Now the 5 series of graphics cards from ATI have been around for a long while there are plenty on the market that come with specialist coolers and lots of fancy little bits and bobs to differentiate them from the rest of the pack.
XFX, Sapphire and HiS to name but three all offer a card that comes with a bespoke cooler that claim to make their model cooler and quieter than the reference design.
It's all well and good because all want cooler to either allow a greater overclocking headroom or less head dumped into your system, and quieter is something we all aspire to. Often though these non-reference designs are compromised by the need to look good and have enough spare room available for the manufacturer branding.
What if you've already got a graphics card though and just want it to be cooler and quieter without having to fork out for an entirely new card?
Enter Arctic Cooling and their Accelero Xtreme range. A lot of third-party vendors use a re-badged Arctic Cooling solution thanks to their multi-award winning performance. Anyone who owned one of the extremely desirable Asus 4870X2 Tri-Fan models had an Accelero Xtreme.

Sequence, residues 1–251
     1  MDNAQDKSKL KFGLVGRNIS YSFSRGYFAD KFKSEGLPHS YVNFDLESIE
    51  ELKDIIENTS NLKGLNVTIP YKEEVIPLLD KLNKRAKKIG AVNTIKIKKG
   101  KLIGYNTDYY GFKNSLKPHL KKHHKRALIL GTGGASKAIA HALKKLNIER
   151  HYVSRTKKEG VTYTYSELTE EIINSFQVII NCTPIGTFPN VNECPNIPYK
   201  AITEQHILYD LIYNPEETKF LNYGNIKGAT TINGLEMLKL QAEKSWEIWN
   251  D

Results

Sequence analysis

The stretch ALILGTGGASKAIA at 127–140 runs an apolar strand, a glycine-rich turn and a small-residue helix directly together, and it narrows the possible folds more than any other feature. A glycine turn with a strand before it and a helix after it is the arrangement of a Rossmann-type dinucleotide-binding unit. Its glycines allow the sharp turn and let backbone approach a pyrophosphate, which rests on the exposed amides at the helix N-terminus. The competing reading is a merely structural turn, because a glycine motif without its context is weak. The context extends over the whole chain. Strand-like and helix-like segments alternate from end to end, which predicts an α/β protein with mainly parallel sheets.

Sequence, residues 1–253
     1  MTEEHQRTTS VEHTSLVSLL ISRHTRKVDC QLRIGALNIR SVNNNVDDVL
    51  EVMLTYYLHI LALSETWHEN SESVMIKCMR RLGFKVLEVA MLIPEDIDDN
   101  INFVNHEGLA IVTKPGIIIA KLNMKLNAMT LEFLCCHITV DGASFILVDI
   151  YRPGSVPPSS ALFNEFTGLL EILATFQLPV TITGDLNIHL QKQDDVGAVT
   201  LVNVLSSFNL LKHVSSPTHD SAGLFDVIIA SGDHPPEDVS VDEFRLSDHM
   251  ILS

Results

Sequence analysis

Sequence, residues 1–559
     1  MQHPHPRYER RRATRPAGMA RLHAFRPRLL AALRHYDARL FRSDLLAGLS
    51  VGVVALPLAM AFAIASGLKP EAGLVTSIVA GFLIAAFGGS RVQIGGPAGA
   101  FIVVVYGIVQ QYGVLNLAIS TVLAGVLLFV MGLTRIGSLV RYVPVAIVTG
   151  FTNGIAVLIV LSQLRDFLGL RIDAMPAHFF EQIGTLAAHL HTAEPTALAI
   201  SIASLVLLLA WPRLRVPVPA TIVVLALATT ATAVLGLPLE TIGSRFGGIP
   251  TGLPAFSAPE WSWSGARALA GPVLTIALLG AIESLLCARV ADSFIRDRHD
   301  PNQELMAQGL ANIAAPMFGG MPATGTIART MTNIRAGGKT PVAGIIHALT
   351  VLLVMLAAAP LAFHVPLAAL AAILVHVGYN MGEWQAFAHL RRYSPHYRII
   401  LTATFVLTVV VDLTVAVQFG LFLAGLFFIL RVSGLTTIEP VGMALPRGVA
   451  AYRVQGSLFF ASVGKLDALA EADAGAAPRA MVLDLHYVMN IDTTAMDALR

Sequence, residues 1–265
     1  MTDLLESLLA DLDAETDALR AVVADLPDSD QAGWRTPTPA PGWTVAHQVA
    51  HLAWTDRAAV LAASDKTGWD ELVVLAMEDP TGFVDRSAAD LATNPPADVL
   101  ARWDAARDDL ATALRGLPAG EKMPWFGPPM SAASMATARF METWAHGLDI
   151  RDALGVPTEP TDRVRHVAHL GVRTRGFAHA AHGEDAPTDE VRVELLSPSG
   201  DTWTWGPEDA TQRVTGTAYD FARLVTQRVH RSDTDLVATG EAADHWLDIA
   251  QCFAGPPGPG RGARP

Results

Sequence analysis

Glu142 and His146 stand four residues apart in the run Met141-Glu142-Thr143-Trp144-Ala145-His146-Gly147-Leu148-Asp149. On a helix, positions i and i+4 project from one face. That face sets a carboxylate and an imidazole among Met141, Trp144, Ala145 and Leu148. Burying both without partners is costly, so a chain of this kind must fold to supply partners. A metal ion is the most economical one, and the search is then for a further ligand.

Today we're going to see if their Accelero Xtreme 5870 model can really make a difference to the temperatures of our card and get remotely close to Arctic Coolings low-noise claims.
Far and away the biggest eye-opener in the specifications for the Accelero are Arctic Coolings claims for both the noise and temperature performance of their cooler. We're used to manufacturers making lofty claims, but can this really be almost silent and extremely cool? Those two things rarely make for comfortable bedfellows as the need for silence always means less cooling performance, and vice versa.
|Dimensions||290 x 104 x 56 mm (L W H)|
|Fan||3 x 92mm|
|Fan Speed||900 to 2000 RPM (PWM)|
|Fan Noise||0.5 Sone @100% compared to 5.2 Sone for ref @ 100%|
|Air Flow||81 CFM @ 2000 RPM|
|Max Cooling Capacity||250 W|
|Bearing Type||Fluid Dynamic Bearing|
|Cooling Performance||36 °C cooler than reference @ 100% fans|
Let's get a look at the cooler in detail and go through the installation procedure.
What's in the box?
The packaging is absolutely an exercise in minimalism. A very sturdy plastic tray-style box keeps everything well protected whilst also minimising waste as much as possible.